Welcome to my blog and thanks for visiting!
The blog's name was directly taken as it appeared in a former informative online newsletter.
I write merely for the sake of expressing my thoughts which I would not have an opprtunity to do so in everyday life. Most of the articles were written from 2007-2010. Hence, they should be read in the light of those historical, economic and social contexts. The new ones have* on their titles. If you find few words other than English, they are Amharic.
Wednesday, January 11, 2012
Ethiopia’s Undiscovered Gem - the Abay Wәnz
“We never know the worth of water till the well is dry,” said Thomas Fuller (Gnomologia, 1732). This seems to be typically true to most of our fully unutilized rivers, and especially appropriate to the longest river of the continent - Abay Wәnz (Abay River). Although Ethiopia has got several rivers, Awash, Ak’aki, Baro, Ch’elek’lak’a, Didesa, Erer, Genale, Gibe, Omo, to mention a few, they never appeared to be very noteworthy to the country (or perhaps accentuated, as such) until recently, I guess, with the nation’s growing shortage of water and all other natural resources as well as the current global debate of alternative energy. Well, the drastic measures taken to build a gigantic hydroelectric power with our Gibe Wәnz is commendable, though. That could be a panacea to most of the now-and-then power outage that we see now. That being as it may, my today’s piece focuses on one of our potentially rich river, the Abay Wәnz (Abay River).
Setting out its journey to the Mediterranean Sea from near the gorgeous town of Bahir Dar, north western part of the country, on the shores of T’ana hayk’ (Lake T’ana) , the Abay Wәnz is really one of the huge wealth of the nation in terms of both tourism and energy resource. Its wonderful scenery and picturesque villages with superb birding and wildlife, whether you’re looking for fish eagles or hippos, lazy days in the sun or thundering whitewater, you will find it all here on the Abay Wәnz. In terms of energy, too, it could be utilized as a colossal hydroelectric power and irrigation for a vast agriculture. The recently released IMAX / OBITAMAX film "Mystery of the Nile", has beautifully portrayed the section of the river between Lake T’ana and the river falls (which is called the Nile Falls). Yes, indeed this river is really a mystery as it’s indicated in the title of the documentary film.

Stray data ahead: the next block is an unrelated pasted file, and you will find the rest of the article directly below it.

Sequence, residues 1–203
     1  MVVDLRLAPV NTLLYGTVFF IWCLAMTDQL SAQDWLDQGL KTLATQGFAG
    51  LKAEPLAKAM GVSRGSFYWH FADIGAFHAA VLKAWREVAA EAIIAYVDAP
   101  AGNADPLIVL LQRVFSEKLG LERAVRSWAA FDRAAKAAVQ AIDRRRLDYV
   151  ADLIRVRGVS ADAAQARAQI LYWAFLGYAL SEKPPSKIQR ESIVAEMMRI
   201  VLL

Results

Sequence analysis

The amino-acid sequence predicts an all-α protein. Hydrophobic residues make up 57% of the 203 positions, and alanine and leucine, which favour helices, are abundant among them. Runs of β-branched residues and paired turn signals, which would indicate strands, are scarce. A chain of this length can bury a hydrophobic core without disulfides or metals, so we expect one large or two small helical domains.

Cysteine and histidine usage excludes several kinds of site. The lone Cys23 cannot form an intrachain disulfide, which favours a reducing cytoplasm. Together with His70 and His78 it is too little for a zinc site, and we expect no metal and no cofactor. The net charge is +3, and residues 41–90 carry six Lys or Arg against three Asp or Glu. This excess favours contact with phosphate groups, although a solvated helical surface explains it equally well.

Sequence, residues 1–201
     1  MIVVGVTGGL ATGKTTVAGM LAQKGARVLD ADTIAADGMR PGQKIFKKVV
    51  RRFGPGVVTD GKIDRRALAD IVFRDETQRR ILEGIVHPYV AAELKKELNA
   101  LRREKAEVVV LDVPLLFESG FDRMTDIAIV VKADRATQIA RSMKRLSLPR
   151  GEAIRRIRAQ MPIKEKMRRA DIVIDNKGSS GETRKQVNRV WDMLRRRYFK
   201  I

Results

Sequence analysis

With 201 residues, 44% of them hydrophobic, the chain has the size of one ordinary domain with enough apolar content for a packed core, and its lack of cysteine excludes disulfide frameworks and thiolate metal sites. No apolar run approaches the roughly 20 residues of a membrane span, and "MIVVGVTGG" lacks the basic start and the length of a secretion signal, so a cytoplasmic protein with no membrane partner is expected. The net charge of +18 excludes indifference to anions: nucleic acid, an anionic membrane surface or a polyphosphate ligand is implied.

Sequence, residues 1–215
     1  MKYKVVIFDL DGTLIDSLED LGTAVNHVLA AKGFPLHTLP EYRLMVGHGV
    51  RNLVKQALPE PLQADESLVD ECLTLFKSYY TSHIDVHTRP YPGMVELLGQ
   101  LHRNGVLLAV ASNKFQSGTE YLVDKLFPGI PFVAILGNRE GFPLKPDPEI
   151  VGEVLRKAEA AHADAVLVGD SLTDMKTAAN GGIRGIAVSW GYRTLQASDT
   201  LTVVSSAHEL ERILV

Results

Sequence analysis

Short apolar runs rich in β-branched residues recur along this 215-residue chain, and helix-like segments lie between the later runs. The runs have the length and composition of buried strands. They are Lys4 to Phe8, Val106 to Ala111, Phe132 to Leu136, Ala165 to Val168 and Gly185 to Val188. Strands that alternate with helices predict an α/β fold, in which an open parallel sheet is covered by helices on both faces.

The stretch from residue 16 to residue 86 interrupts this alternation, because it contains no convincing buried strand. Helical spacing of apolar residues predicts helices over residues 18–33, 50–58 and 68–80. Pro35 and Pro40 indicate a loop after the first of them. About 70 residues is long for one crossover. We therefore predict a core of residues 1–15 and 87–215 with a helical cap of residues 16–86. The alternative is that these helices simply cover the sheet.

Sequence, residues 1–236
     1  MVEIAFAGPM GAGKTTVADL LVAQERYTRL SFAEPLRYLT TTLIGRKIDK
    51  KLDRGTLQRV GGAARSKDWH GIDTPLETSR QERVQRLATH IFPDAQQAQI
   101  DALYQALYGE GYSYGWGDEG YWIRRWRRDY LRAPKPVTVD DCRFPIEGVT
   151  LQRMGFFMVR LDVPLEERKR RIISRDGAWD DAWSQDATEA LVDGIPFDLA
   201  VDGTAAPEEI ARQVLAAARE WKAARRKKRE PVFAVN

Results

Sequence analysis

Rising at an altitude of 1,830 m (6,000 ft) in the region of Lake T’ana, the Abay Wәnz flows south and then west in Ethiopia, and follows a northwestern course out of the country in Sudan before merging, at Khartoum, with the White Nile to form the Nile proper. It’s here that the Abay Wәnz gets its foreign name, The Blue Nile, which contributes about two-thirds of the water of the Nile, where it, in part, flows through a deep gorge. As the popular song has it in Amharic “ Abay Abay ye ager Adbar, ye ager sisay ye alageru tesedido...(literally translated as ‘Abay the emblem of a country, the affluence of a nation, obliged to asylum…) this river has so far done more harm than good to the country as it liberally exports all the top and subsoil with all the rich mineral deposits to the neighboring countries. While it’s still definitely a huge resource of the nation, it has hitherto not widely drawn on (I’m not sure if we have ever used 5% of it) in any kind of reserve for national revenue. On the other hand, the river is being dammed for irrigation and hydroelectricity production in the neighboring countries. Whereas their use of this river is something laudable on their part, the incapacity (or perhaps negligence, among other reasons) of Ethiopia not to fully exploit Abay Wәnz (Abay River) is really a mystery behind. Anyways, Abay Wәnz (Abay River) is surely a vast resource of Ethiopia and I believe, as most do, that it’s time we capitalize on the country’s undiscovered gem before the well becomes dry and too late to realize its worth, to borrow Thomas Fuller’s phrases.
(This was written in 2009)